Middle East

Islamist militants leave note on beheaded corpse in Sinai

File - Army trucks carry Egyptian tanks in a military convoy in Al-Arish, Egypt's northern Sinai Peninsula August 9, 2012. (AP Photo)

ISMAILIA, Egypt: Residents in Egypt’s Sinai Peninsula said Wednesday they found a beheaded corpse bearing a note signed by an Islamist militant group linked to ISIS, accusing the victim of being an Israeli spy.

The beheading is the eighth claimed by the group in Sinai in under a month, in a surge of brutal killings seemingly inspired by ISIS, which has been internationally condemned for its atrocities and has been the target of U.S. airstrikes.

Residents from a village south of the town of Sheikh Zuweid in northern Sinai told Reuters by phone that the decapitated body bore a note signed by Ansar Bayt al-Maqdis, saying he was an agent for Israeli spy agency Mossad.

“This is the fate of all who prove to be traitors to their homeland,” the group said in the note, according to the villagers.

A senior Ansar commander told Reuters last week that ISIS had been advising the Sinai-based group on how to operate more effectively.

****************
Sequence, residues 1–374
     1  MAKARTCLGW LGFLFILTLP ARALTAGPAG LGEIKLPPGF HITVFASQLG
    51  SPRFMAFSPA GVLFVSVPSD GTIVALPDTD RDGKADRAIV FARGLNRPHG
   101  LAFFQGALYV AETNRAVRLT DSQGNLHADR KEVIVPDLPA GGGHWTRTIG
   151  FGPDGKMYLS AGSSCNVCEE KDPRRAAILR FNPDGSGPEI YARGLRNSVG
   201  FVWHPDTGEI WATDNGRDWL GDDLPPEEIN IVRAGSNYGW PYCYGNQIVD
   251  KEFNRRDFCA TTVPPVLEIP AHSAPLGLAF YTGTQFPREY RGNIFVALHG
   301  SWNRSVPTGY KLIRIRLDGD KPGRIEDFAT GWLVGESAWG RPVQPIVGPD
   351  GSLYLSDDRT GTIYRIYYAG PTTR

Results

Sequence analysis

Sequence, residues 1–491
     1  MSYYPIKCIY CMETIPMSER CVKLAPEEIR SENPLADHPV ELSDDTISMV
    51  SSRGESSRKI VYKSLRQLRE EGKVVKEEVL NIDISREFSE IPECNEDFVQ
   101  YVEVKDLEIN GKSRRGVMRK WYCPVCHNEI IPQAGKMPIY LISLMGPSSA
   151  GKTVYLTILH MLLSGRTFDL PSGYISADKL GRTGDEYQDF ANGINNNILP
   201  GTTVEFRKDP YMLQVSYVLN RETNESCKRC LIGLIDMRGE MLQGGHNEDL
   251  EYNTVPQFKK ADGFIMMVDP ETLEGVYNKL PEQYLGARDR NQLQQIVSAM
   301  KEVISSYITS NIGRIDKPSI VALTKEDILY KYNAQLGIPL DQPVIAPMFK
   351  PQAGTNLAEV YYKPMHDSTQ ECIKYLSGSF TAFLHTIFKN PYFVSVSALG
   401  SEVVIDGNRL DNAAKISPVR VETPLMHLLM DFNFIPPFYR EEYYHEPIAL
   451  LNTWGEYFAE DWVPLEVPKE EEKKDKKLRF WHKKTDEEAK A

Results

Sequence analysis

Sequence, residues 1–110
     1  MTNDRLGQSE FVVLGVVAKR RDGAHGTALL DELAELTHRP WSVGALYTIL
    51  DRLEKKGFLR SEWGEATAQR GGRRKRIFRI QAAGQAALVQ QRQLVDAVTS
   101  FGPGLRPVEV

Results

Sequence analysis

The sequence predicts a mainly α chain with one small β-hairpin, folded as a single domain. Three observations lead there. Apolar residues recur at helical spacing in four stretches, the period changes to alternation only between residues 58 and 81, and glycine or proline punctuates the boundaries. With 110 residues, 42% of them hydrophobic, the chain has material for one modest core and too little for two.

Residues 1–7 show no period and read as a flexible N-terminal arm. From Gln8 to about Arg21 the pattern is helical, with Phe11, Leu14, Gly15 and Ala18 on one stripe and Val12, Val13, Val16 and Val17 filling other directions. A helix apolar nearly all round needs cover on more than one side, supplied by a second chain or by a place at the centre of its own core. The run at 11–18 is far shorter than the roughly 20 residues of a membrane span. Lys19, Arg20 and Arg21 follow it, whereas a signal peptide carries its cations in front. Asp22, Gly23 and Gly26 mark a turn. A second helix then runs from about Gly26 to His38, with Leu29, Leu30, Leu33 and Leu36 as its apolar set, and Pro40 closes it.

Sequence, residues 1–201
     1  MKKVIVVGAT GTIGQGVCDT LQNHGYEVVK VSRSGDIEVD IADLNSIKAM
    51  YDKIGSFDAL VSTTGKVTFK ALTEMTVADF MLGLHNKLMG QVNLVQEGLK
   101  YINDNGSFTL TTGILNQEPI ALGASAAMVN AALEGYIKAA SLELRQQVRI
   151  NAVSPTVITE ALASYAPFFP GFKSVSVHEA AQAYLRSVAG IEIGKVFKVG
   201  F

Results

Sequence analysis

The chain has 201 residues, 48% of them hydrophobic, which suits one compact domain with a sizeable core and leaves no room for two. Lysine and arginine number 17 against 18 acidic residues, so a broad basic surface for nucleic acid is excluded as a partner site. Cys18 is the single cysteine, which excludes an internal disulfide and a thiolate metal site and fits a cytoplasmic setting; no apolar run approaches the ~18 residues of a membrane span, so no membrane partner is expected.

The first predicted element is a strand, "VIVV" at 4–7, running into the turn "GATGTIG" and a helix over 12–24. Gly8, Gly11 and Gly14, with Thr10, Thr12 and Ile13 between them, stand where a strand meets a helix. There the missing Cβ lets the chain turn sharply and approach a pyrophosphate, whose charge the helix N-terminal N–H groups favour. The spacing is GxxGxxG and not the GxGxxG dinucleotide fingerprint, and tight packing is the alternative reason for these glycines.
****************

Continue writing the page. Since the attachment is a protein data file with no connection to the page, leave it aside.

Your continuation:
Ansar Bayt al-Maqdis, the most powerful and ruthless militant group in Sinai, said last month it had beheaded four Egyptians for providing Israel with intelligence for an airstrike that killed three of its fighters.

The group posted a video on Twitter showing the beheadings which resembled images posted on the Internet by ISIS.

Egyptian intelligence officials have said ISIS is also influencing Egyptian militants based just over the border with Libya.

Hard-line Islamist militants have stepped up attacks on police and soldiers since the army toppled President Mohammad Morsi of the Muslim Brotherhood last year after mass protests against his rule.

The government accuses the Muslim Brotherhood of turning to violence following Morsi’s ousting, but the movement has publicly condemned violent extremism in the past and says it remains committed to peaceful means of bringing down the government.

However, with hundreds of Muslim Brotherhood members killed and thousands arrested in a crackdown now entering its second year, older members fear that the youth could turn to extremist groups that seem more effective than the silenced Brotherhood.

In the northeastern Dakahlia province, a security officer’s son was killed in an apparent attempt on the officer’s life, the state news agency reported Wednesday.

Mahmoud Saad and his son were driving in the provincial capital of Mansoura when an unknown gunman opened fire on their vehicle, MENA reported.

 
A version of this article appeared in the print edition of The Daily Star on September 11, 2014, on page 9.

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